Boston Celtics president of basketball operations Brad Stevens said the three-team trade that brought in Kristaps Porzingis but saw Marcus Smart head to the Memphis Grizzlies was all about balancing the team's roster.
"I said this at the start of the summer: I thought that we needed to balance our roster and make sure that we looked at the best ways to do that," Stevens told reporters early Friday morning after the NBA draft. "And that meant that we were going to likely lose a really, really, really good player."
Along with the Porzingis and Smart moves, the three-team trade between the Celtics, Grizzlies and Wizards sent forward Danilo Gallinari, center Mike Muscala and guard Tyus Jones to Washington and netted Boston a top-four-protected 2024 first-round pick. The Celtics also acquired the 25th overall selection in Thursday's draft, trading down multiple times before ultimately getting Arkansas' Jordan Walsh and a handful of future second-round picks.
Stevens said Porzingis will help the Celtics' offense and defense near the rim, adding that the 7-foot-3 center is "starting to play at the best level I've seen."
"From our standpoint, we just looked at it as 'what's our best opportunity to continue to grow and improve as a team?'" Stevens said. "Knowing that sometimes really, really hard decisions have to be made. Like I said, not only adding Kristaps with his skill, his size and the positional versatility, we just had many more numbers and options at the smaller positions than we did at the bigs, especially as we look forward too."
Stevens declined to address the initial three-team trade proposal that would have involved Malcolm Brogdon going to the LA Clippers. After that deal fell apart, the Celtics pivoted to talks with the Grizzlies to get a trade completed before Porzingis' deadline to opt in to his $36 million option for 2023-24.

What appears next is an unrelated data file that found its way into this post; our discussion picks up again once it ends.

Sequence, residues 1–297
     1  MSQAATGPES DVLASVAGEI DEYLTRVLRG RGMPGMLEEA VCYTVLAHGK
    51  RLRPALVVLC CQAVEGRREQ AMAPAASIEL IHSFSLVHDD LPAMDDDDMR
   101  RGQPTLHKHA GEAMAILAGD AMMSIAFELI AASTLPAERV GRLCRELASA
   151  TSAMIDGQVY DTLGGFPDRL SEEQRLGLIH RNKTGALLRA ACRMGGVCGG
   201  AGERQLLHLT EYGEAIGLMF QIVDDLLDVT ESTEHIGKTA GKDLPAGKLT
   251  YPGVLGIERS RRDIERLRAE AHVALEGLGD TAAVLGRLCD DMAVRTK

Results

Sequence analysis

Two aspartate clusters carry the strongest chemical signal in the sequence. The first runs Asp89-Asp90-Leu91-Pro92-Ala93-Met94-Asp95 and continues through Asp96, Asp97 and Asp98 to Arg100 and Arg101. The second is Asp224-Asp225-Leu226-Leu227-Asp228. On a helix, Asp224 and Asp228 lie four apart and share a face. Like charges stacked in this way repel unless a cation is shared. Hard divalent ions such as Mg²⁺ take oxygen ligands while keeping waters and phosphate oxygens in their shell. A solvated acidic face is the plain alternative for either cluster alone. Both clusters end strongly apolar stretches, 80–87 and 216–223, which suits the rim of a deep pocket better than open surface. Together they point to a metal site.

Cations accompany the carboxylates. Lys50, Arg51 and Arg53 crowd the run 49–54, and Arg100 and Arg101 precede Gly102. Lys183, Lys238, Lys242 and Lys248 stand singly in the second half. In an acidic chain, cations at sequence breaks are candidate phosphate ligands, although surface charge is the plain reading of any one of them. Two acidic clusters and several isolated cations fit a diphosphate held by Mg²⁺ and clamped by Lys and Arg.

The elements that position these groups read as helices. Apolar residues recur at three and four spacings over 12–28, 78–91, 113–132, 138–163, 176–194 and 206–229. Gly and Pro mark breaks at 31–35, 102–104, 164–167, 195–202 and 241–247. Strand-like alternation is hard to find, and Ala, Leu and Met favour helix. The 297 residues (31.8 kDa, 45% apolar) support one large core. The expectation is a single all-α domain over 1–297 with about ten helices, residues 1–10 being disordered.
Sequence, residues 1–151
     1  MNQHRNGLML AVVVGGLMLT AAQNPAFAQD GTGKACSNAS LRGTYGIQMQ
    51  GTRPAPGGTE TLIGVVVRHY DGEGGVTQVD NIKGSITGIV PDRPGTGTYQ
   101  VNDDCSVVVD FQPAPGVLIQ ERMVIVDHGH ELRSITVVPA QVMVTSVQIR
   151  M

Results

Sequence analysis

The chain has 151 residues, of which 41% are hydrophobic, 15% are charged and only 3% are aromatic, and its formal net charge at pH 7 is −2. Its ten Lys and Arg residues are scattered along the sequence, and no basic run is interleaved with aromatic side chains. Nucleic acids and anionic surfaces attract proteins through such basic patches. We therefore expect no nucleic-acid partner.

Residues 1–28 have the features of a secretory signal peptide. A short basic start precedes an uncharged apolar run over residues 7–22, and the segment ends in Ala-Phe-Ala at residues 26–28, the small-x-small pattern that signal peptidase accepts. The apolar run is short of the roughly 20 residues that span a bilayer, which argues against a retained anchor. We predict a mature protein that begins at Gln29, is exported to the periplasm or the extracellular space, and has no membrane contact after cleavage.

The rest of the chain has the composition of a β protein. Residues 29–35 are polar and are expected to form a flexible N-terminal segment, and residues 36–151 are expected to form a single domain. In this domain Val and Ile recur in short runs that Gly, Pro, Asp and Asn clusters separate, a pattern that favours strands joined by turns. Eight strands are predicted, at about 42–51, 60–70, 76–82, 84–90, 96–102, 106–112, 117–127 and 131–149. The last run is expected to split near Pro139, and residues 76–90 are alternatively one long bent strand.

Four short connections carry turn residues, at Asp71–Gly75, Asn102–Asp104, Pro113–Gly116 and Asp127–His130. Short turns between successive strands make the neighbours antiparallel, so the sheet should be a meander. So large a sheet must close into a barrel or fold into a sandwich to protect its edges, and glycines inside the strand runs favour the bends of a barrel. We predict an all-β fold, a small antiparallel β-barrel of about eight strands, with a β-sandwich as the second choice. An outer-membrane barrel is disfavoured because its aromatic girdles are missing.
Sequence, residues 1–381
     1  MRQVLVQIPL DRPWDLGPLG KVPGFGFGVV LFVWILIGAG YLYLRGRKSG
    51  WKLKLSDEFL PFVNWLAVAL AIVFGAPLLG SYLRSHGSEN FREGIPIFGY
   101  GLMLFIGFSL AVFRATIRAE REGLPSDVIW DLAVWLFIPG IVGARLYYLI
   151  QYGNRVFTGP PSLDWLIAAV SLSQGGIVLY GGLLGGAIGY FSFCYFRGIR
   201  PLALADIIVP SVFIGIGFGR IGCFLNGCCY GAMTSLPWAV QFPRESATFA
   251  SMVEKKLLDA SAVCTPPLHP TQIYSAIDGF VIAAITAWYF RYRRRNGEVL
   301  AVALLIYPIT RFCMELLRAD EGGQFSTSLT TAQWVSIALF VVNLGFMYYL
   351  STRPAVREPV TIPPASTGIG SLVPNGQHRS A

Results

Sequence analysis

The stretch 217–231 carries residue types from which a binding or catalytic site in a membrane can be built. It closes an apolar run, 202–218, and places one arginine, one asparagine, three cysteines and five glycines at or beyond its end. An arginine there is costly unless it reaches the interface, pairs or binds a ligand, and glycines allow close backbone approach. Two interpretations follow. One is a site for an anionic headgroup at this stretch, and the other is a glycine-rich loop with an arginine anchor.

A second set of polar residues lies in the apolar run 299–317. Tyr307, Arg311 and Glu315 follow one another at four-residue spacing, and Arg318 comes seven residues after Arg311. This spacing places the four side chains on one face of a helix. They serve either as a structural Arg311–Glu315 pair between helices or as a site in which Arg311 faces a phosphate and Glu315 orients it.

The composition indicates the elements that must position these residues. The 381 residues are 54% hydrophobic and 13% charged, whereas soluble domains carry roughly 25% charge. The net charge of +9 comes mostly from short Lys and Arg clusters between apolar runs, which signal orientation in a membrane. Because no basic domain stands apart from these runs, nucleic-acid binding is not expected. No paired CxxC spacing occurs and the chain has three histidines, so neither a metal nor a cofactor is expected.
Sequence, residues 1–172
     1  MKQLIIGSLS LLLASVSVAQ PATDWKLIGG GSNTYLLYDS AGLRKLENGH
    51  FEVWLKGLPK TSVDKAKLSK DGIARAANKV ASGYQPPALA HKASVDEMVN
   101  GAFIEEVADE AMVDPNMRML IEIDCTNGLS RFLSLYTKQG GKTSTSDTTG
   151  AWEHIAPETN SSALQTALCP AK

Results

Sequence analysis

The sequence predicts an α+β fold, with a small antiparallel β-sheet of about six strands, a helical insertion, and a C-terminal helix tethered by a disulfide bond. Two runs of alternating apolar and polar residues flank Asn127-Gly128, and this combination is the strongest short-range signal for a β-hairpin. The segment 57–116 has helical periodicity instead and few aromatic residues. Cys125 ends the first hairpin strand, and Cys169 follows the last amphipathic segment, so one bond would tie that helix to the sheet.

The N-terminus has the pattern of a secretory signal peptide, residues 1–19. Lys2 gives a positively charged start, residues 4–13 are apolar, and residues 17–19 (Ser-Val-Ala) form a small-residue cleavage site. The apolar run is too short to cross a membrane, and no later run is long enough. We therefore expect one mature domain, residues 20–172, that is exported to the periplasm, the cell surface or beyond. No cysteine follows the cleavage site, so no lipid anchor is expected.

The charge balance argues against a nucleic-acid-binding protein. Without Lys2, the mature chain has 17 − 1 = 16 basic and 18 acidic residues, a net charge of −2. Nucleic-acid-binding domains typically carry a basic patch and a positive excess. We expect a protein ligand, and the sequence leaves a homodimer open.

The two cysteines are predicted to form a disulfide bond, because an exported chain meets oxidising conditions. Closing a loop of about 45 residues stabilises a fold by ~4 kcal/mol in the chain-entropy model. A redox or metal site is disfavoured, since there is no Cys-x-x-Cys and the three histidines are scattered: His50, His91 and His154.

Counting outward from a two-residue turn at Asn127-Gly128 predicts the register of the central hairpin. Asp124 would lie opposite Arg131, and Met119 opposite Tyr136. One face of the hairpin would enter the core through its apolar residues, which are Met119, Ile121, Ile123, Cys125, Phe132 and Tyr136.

Acquiring Porzingis was the first of several big decisions ahead for the Celtics this summer, as Boston can offer All-Star forward Jaylen Brown a five-year, $295 million contract extension and has to sort out the future of restricted free agent forward Grant Williams.
Boston will also have to adjust to life without Smart, one of the league's best and most versatile perimeter defenders who won the 2021-22 Defensive Player of the Year Award and has won the NBA's Hustle Award three times, including the past two seasons.
Stevens praised Smart, who had spent his nine-year NBA career in Boston after the Celtics drafted him No. 6 overall in 2014, for his contributions to the franchise.
"The greatest legacy that you can leave is to be someplace and it's better off because you were there," Stevens told reporters. "And I think that everybody here feels that way.
"I think that he will always be appreciated and thought of so fondly here for any number of reasons. Obviously, everybody loved the way that he plays and how hard he plays, but also his work in the community. You know, we're all really grateful to have Marcus in our life for as long as we've had and are sad to see him go."
Smart posted a goodbye to Boston in a tweet Friday, reflecting on his nine years with the organization.
"Where do I even begin...as I start to think about the last 9 years I have a lot of emotions running thru me," Smart wrote. "I came to Boston as a naïve kid from Dallas not really knowing what to expect. All I knew was the type of work ethic my momma instilled in me and I was going to work my ass off and make sure I EARNED the respect of each and every one of the fans in Boston. Which is why this was tuff.
"Boston, you are a very special place to me. I grew up here and met some of my best friends here. I'll never forget my time here. Ultimately we didn't get that 18th banner but I'm VERY VERY proud of the success we had. I'm going to miss so many things about Boston but mainly my teammates, fans, and kids and our hospital charity work. It was a great 9 years Boston, thank you for all the love...but now it's time to look forward."
Information from ESPN's Tim Bontemps was used in this report.